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Alberta restricts access to courthouses to reduce spread of COVID-19

The sign at the Calgary Courts Centre in Calgary is shown on Friday, Jan. 5, 2018. THE CANADIAN PRESS/Bill Graveland

Effective March 30, Alberta Courts are tightening restrictions around who can and cannot enter courthouses in order to protect workers and limit the spread of COVID-19.

READ MORE: Canadian legal experts worried about coronavirus court

In a notice to the public and the legal profession March 27, Alberta courts said they’re trying to “balance the open court principle with public health priorities.”

Courts need to take “proactive preventative measures to protect justice system participants and reduce the spread,” the notice reads.

READ MORE: Alberta jury trials suspended amid coronavirus concerns

Lawyers are being urged to use expanded access to email and fax filing. Lawyers, court runners and litigants are asked to use “dropboxes or other available alternative forms of filing.”

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The restrictions apply to all courthouses in Alberta.

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As of March 30, members of the general public will not be allowed to enter a courthouse unless they are:

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(a) parties to the litigation/appeal,

(b) counsel to the parties to the litigation/appeal,

(c) witnesses,

(d) interpreters whose presence is required for a proceeding,

(e) support persons as set out in s. 486.1(1) and (2) of the Criminal Code,

(f) support workers authorized by the Courts to assist parties to the litigation/appeal,

(g) members of the accredited media,

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(h) persons paying a criminal fine or restitution order or paying bail or surety applications on behalf of an accused because they are unable to access electronic payment,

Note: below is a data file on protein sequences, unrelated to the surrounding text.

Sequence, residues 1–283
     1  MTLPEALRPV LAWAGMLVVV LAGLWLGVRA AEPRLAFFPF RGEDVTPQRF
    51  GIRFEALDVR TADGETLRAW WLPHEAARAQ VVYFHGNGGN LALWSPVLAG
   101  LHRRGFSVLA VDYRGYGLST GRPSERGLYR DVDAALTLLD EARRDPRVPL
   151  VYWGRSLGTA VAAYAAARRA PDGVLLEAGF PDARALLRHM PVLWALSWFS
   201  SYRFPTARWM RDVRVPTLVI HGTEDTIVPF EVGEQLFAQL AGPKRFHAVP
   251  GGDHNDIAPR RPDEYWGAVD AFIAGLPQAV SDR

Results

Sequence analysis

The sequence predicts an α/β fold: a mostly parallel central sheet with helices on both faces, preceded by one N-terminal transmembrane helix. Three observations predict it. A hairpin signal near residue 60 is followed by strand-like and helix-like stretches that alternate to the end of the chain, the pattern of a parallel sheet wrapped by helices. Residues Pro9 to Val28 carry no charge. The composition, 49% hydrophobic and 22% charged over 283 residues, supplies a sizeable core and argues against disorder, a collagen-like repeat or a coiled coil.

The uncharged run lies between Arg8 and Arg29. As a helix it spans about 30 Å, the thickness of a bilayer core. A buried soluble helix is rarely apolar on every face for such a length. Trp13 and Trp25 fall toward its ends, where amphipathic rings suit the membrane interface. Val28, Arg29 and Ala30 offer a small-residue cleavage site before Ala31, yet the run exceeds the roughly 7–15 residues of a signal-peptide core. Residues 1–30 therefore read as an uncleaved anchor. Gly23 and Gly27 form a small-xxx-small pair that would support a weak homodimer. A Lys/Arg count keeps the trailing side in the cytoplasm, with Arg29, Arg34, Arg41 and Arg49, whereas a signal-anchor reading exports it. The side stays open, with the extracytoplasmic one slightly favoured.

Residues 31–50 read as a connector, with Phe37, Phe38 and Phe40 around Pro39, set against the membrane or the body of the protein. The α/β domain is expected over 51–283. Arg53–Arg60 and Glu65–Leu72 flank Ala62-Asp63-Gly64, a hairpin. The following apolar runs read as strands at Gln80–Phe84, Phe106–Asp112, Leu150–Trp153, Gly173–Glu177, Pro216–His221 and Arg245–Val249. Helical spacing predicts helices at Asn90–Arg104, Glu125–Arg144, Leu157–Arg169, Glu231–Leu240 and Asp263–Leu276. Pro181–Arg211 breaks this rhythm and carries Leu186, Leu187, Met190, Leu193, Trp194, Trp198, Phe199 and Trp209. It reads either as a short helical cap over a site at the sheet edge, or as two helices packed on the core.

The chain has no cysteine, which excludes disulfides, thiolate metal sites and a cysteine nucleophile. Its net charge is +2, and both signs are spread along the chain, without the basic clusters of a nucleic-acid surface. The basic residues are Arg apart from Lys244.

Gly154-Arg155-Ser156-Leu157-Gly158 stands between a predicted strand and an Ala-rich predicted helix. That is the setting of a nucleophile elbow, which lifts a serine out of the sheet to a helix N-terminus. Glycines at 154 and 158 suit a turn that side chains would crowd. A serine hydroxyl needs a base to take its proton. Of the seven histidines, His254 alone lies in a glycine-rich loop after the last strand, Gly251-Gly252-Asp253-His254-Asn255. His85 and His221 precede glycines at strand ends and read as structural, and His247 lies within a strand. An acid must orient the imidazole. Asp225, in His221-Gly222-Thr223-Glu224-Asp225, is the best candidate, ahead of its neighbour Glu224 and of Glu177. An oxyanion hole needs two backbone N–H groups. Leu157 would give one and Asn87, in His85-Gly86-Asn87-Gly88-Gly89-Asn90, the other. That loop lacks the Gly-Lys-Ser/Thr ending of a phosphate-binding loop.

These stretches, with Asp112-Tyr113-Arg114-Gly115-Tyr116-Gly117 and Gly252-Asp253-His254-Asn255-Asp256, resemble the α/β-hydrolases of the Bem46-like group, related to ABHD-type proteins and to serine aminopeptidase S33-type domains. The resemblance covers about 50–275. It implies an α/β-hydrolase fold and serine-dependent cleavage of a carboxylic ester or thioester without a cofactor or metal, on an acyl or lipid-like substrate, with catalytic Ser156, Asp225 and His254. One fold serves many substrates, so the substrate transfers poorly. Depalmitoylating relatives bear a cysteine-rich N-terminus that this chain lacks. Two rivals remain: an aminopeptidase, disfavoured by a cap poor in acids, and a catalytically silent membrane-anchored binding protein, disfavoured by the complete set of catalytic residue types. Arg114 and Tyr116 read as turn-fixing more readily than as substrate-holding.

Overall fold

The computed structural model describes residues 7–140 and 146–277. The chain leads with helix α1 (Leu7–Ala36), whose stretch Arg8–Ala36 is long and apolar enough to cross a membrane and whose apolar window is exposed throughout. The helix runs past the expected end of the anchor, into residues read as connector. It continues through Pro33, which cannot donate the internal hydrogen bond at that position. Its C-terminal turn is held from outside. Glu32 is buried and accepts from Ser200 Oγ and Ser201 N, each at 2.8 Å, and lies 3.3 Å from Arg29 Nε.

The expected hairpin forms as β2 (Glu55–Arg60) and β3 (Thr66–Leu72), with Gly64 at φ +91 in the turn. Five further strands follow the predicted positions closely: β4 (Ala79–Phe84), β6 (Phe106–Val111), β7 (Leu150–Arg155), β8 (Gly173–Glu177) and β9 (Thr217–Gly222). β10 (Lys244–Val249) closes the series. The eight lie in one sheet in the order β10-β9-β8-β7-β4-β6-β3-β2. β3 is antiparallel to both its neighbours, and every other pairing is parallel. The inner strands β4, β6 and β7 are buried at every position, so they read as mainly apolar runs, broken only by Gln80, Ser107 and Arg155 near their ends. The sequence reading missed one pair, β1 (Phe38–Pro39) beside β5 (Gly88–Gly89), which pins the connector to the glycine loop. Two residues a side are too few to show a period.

(i) persons filing documents at a Court registry,

(j) persons whose attendance has been approved by a judge or justice of the Court in which a proceeding is being held.

READ MORE: Coronavirus: Edmonton police consider ‘all options’ to mitigate overcrowding in jails

However, people trying to attend a courthouse who meet the criteria will be refused if they:

(a) have been advised to self-isolate by public health officials or their doctor,

(b) are self-isolating as a result of travel or contact with individuals with COVID-19, or

(c) are experiencing any COVID-19 related symptoms.

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READ MORE: Archived: Live updates on coronavirus in Canada

Questions about COVID-19? Here are some things you need to know:

Health officials caution against all international travel. Returning travellers are legally obligated to self-isolate for 14 days, beginning March 26, in case they develop symptoms and to prevent spreading the virus to others. Some provinces and territories have also implemented additional recommendations or enforcement measures to ensure those returning to the area self-isolate.

Symptoms can include fever, cough and difficulty breathing — very similar to a cold or flu. Some people can develop a more severe illness. People most at risk of this include older adults and people with severe chronic medical conditions like heart, lung or kidney disease. If you develop symptoms, contact public health authorities.

To prevent the virus from spreading, experts recommend frequent handwashing and coughing into your sleeve. They also recommend minimizing contact with others, staying home as much as possible and maintaining a distance of two metres from other people if you go out.

For full COVID-19 coverage from Global News, click here.